LONDON – A couple of set-backs for developers of sub 20-nm manufacturing processes in recent months have accentuated the need for EUV lithography to come good and are likely to drive demand for the technology in 2014, according to Eric Meurice, CEO of lithography equipment maker ASML Holding NV (Veldhoven, The Netherlands).
ASML has been developing extreme ultra violet (EUV) lithography for many years as an eventual replacement for its own highly successful optical lithography machines, the technology currently used with multiple patternings to achieve leading-edge chip manufacturing at 28-nm and 22-nm. However, ASML's EUV systems are still below the nominal throughput specification of about 100 wafers per hour that is generally thought to be necessary to allow volume manufacturing of chips. While the use of optical lithography is just about possible at 14-nm design rules the need for triple and quadruple exposures significantly increases the cost and reduces the throughput of optical lithography at such extreme geometries.
While ASML expects to ship 11 NXE:3300B EUV litho machines in 2012 and 2013 for process development and pilot production there are two contenders to drive the ramp of EUV production at the end of 2013 and during 2014, according to Meurice.
Speaking to analysts on a conference call to discuss the company's financial results in the first quarter of 2012, Meurice said that the DRAM 1x or 1y generation, a process node just below 20-nm, was looking very complex using multipatterned optical lithography and DRAM makers seemed prepared to wait for EUV lithography to be ready for production of that node.
The other race competitor is 14-nm logic process technologies, particularly when under development at foundries, Meurice said. "The 14-nm logic node has in particular shown two major push-backs by end customers attempting to use multipatterning. They have seen two problems. One is a cost issue which is too high to justify the shrink and the second is they have seen a shrink factor limitation to 14-nm, you do not really reduce the die size as much as with EUV," he said on the conference call.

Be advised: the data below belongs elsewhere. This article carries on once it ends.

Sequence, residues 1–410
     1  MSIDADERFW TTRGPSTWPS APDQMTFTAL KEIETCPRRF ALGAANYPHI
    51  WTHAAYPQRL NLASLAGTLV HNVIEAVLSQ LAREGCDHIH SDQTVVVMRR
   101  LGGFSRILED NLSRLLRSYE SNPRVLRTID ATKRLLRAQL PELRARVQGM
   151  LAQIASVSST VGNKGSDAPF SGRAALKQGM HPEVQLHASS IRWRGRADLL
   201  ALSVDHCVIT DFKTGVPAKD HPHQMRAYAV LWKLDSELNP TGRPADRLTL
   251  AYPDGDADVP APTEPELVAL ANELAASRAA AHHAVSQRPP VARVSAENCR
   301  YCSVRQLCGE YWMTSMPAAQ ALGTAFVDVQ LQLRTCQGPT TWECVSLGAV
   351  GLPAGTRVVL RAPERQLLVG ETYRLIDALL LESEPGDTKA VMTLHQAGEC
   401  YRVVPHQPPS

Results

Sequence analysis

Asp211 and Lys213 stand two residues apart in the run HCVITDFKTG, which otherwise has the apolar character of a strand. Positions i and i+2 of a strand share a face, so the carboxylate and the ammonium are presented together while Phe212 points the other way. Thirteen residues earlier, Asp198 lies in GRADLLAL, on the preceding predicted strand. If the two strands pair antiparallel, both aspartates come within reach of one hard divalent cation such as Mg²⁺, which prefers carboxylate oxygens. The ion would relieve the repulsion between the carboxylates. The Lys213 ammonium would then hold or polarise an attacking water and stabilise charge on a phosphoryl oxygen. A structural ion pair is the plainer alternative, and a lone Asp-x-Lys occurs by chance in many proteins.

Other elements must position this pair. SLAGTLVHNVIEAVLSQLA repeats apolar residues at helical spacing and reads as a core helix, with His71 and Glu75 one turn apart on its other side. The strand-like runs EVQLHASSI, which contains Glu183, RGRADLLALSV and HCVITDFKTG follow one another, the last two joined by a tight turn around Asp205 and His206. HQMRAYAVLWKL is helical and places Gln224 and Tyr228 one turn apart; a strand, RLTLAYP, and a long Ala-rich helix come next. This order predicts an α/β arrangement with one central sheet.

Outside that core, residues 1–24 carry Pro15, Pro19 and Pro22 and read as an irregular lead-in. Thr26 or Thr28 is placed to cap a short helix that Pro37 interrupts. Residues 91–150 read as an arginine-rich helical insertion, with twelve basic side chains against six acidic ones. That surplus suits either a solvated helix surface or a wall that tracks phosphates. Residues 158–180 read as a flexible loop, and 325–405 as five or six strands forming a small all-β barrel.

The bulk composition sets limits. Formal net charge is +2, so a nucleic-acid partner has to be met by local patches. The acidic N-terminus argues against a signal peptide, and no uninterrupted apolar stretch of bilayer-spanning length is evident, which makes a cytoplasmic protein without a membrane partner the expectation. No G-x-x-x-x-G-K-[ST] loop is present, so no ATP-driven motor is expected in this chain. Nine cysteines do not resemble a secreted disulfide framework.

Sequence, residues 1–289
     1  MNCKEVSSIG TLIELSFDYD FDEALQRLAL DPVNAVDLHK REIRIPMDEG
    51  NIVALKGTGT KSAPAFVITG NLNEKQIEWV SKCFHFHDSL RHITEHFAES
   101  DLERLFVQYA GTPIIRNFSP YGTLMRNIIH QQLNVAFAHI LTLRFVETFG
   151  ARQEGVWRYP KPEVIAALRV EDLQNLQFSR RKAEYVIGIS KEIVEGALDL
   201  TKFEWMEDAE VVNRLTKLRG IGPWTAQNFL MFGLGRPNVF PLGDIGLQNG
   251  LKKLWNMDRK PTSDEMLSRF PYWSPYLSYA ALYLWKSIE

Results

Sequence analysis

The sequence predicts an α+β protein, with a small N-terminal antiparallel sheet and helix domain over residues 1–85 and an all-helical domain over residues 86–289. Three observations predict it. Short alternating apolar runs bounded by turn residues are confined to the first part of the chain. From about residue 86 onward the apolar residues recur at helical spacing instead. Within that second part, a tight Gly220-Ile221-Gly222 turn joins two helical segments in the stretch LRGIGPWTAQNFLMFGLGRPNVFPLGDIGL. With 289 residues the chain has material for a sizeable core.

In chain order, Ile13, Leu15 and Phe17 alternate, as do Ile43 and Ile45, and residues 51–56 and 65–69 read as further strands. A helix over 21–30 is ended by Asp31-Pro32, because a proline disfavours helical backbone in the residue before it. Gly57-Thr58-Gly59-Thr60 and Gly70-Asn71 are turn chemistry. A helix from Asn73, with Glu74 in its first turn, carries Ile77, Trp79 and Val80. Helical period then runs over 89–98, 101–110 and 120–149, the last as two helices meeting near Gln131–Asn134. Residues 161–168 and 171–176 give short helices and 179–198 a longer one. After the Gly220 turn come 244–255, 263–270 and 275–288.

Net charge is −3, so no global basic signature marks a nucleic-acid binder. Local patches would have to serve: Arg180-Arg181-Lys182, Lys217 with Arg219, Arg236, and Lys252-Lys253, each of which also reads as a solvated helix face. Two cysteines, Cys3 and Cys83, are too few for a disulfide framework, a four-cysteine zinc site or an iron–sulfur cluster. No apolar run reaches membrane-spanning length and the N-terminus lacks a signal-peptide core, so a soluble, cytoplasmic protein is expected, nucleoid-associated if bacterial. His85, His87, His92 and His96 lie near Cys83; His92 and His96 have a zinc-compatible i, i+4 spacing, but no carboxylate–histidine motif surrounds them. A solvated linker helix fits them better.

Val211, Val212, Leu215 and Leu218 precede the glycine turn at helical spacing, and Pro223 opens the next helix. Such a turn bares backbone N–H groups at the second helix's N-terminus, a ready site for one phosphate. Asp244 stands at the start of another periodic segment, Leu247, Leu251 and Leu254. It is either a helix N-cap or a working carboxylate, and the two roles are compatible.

Meurice added: "The race is on to know who is going to be the first to get into [EUV] production. That will create demand in 2014, which we believe will be not too much and not too small for a company like us." Meurice said that NAND flash memory makers were not showing great interest in EUV lithography at present because they need high throughput.
When asked if the multipatterning issues at 14-nm applied to both integrated device manufacturers (IDMs) and foundries Meurice said: "At 14-nm foundries have a challenge that the IDMs would not have. The challenge is that thay have to deliver design rules which are less restrictive and they have to deliver a shrink that is very aggressive." As such the decision to go to EUV for 14-nm concerns the foundry environment more than the microprocessor environment, Meurice said.
However, timings are becoming extremely tight for some of those decisions. On the same call Meurice said ASML expects to raise the source power to 100-W, and therefore the throughput for its EUV lithography machines to 60 wafers per hour, by the end of the summer. But Meurice also said customers' EUV insertion decisions have to be frozen in the summer.
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